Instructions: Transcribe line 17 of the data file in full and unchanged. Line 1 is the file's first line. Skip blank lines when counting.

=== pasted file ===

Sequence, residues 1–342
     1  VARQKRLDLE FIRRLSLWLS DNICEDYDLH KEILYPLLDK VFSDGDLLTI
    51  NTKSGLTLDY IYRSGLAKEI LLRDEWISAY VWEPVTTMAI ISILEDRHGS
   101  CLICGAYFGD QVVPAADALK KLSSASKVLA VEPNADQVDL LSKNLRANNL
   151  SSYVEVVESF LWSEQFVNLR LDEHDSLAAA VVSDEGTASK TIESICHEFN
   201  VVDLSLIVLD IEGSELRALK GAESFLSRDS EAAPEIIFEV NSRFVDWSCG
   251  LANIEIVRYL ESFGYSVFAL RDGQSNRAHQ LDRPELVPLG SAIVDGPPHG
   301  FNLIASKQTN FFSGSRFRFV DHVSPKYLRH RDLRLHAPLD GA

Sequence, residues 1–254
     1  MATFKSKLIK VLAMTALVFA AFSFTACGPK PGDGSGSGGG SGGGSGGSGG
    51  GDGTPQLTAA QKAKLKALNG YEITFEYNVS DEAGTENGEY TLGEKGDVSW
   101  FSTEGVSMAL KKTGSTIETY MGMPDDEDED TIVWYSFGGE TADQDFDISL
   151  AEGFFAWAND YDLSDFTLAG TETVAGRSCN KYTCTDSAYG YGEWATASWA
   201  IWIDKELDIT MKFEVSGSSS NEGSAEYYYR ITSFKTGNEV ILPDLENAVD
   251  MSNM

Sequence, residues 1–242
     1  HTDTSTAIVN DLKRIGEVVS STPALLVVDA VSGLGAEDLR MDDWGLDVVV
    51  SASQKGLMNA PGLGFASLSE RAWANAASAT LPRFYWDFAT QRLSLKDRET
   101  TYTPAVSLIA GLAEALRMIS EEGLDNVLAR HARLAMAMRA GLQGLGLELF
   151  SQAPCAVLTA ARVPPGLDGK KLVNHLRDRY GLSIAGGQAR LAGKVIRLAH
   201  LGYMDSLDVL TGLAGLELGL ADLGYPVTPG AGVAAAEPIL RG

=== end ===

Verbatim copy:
     1  HTDTSTAIVN DLKRIGEVVS STPALLVVDA VSGLGAEDLR MDDWGLDVVV